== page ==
�There was a woman that was here, when she had finished the registration process, she came into the shelter area and she began to scream �My sister, my sister,�� Davis said. �We did not have any idea what had taken place, but from across the room this woman, who had been separated from her sister at the Superdome, saw her sister again. They embraced and just the absolute joy on this woman�s face was incredible.�
Another woman who had recently arrived managed to make contact with some of her family members by phone a week after being displaced by the storm.
In reassuring her family she was safe, the woman told them they would not believe the care she was receiving in Sulphur Springs.
�This is the closest thing to heaven that I have ever experienced in my life,� the woman told her family.
�Just knowing we could soften the blow in the face of this incredible catastrophe in such a way that people were able to say God was still good and they could really know, in the face of such devastation and disaster, where the worst of people could come out, they were experiencing some the best God had to offer,� Davis said.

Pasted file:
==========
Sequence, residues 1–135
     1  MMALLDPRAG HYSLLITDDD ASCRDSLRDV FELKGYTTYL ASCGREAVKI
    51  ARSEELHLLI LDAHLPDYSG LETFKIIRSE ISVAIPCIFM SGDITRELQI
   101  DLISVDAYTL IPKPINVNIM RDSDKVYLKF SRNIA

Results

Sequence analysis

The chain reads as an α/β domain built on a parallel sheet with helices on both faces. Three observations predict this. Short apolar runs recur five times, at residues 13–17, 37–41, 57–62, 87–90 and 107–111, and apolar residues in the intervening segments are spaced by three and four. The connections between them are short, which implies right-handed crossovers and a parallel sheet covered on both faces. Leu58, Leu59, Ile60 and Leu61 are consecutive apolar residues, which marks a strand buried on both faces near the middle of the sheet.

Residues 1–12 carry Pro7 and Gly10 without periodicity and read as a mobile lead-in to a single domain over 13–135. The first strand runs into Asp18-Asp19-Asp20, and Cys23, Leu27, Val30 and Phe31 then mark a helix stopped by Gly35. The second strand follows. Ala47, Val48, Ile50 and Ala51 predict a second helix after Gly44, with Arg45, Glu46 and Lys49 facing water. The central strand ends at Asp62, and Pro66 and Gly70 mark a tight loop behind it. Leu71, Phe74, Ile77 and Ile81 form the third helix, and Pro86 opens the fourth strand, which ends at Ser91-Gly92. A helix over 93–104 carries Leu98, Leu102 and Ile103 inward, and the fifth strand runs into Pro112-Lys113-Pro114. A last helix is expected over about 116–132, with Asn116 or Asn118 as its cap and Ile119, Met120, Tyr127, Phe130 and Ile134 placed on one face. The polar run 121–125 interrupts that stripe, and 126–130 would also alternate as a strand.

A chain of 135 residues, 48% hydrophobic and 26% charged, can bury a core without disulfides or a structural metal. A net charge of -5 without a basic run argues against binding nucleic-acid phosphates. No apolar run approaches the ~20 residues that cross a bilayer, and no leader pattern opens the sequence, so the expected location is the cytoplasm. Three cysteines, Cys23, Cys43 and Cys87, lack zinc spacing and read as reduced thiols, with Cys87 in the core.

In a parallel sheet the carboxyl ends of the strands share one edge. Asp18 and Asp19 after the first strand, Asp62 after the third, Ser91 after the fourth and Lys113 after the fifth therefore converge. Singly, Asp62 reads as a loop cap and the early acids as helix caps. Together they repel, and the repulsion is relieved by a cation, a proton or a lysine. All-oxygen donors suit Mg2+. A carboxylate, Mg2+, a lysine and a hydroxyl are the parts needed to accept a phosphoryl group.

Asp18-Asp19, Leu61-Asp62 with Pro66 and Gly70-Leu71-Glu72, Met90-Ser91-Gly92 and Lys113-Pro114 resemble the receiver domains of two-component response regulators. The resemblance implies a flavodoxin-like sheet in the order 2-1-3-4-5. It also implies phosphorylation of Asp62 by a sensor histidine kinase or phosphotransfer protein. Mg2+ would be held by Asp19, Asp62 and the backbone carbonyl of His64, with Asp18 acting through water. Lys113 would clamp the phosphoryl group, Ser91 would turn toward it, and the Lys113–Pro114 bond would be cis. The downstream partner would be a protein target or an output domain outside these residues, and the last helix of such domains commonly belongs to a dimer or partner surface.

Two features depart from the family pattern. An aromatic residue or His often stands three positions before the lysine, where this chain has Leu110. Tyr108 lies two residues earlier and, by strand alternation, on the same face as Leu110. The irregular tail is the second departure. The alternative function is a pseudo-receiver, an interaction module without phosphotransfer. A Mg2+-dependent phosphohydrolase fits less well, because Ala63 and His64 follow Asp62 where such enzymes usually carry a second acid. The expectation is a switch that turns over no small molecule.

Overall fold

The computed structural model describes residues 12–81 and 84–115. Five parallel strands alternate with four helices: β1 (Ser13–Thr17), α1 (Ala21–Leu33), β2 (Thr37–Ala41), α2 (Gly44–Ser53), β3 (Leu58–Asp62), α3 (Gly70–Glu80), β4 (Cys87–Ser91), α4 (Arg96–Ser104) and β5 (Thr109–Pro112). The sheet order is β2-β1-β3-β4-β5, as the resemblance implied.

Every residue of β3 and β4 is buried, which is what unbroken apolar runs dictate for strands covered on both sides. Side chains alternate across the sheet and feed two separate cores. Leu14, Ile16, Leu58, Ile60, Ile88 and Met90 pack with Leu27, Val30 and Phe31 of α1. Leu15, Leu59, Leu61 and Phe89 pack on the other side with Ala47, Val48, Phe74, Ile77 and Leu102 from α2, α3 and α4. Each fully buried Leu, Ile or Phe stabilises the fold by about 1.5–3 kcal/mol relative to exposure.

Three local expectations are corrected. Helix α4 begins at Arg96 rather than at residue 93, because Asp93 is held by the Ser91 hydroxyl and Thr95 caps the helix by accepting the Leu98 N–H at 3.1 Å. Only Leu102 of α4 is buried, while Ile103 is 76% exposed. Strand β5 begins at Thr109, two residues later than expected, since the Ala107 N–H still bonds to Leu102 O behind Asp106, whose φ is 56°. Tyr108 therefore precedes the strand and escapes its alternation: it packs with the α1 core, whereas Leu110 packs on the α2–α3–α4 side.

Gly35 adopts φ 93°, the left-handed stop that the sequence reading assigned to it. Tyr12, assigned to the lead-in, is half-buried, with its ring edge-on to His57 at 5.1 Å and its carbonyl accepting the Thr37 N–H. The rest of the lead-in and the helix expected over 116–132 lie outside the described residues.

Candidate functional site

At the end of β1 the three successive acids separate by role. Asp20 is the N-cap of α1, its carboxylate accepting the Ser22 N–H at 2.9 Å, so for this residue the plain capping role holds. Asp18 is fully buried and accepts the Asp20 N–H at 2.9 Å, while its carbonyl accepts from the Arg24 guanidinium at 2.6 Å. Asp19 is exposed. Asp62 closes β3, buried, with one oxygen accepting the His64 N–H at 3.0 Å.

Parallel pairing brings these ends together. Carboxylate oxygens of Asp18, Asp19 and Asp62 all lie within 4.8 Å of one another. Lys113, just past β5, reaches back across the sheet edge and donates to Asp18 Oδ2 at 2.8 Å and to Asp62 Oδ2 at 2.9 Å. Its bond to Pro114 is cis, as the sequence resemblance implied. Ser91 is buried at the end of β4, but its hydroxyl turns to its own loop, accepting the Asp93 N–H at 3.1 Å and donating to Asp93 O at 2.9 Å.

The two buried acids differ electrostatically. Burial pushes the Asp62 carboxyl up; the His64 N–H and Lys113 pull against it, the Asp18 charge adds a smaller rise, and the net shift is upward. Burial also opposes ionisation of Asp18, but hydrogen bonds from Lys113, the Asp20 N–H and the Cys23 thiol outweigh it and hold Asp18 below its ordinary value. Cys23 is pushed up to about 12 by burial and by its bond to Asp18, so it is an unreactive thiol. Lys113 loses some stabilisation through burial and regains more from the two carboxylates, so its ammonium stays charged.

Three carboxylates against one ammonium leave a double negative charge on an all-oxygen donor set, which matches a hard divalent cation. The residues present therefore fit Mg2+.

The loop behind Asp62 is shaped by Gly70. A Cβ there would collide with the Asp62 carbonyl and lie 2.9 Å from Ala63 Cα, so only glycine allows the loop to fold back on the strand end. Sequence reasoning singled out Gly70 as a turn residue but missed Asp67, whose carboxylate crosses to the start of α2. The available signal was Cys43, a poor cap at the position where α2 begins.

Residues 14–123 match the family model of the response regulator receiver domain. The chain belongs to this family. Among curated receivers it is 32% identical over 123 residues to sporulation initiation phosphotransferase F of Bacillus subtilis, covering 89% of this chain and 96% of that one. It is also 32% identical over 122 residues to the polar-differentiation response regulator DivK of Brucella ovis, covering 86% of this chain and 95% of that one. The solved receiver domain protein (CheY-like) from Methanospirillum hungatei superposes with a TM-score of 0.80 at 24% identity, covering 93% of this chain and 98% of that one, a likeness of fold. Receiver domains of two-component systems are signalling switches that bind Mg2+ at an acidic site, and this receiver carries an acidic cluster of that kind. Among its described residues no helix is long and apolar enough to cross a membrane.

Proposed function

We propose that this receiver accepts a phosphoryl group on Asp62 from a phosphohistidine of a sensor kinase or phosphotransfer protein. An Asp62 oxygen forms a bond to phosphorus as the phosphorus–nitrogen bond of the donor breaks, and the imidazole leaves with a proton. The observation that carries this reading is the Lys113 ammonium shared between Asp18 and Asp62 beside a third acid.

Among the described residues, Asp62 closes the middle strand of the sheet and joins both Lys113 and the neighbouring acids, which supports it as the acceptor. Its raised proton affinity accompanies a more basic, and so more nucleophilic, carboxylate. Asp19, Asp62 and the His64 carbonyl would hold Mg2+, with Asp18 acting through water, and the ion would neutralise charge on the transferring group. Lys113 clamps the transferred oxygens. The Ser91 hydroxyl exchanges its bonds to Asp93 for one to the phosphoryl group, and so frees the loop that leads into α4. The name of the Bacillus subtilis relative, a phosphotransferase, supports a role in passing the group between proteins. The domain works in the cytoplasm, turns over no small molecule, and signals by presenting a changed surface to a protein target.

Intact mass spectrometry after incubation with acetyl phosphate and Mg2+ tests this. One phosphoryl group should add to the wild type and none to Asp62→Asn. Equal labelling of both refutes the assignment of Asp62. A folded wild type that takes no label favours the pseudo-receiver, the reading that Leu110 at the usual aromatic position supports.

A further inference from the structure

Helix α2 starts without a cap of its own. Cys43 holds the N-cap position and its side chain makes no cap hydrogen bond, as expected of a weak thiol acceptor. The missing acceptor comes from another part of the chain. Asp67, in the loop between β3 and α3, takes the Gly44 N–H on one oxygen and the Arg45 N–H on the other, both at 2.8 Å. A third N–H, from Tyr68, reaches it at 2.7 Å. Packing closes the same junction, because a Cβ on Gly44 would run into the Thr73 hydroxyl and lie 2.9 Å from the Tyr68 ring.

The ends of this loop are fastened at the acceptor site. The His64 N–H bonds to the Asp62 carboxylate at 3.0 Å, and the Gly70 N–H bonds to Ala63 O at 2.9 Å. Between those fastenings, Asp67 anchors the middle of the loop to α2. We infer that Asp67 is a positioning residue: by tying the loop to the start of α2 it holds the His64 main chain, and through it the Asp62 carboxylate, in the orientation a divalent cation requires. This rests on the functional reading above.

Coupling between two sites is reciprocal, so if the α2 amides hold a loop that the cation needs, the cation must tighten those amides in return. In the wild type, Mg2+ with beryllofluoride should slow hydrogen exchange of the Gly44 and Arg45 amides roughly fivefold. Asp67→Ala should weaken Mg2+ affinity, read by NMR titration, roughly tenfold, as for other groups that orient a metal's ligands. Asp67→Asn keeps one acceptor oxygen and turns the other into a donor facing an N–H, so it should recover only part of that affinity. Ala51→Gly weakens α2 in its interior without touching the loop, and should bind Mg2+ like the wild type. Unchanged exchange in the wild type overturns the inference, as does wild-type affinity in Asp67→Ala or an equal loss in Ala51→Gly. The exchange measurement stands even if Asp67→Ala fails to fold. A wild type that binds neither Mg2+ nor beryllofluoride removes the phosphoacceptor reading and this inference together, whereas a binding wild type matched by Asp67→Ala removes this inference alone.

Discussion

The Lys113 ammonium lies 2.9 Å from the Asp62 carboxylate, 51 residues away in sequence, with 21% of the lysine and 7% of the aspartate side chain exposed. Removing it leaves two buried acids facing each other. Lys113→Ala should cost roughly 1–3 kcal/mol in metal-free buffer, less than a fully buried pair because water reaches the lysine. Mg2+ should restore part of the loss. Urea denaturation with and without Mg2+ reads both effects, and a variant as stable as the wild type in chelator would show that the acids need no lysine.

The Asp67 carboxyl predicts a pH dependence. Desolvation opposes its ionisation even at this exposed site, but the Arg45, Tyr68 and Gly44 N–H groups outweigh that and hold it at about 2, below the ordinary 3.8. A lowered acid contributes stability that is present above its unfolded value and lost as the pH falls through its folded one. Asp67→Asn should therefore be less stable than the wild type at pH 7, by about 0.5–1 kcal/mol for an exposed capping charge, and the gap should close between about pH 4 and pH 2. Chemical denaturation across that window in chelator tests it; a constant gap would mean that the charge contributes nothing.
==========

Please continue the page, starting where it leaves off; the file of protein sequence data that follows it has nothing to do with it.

Did the worst really come out with the refugees?
�There was no worst that came out in our experience here in the shelter,� he said. �There were a couple of folks that got cross-ways with each other, a family spat here and there, but nothing ever took place here that was ever of an upsetting nature or malicious toward anyone else.�
Davis said there were no fights and no violence at the shelter, something he found most reassuring in light of the many rumors that ran rampant in Sulphur Springs.
�There were a lot of rumors, all of which were ridiculous, really,� he said. �There were rumors there was a shooting, and that was not the case.�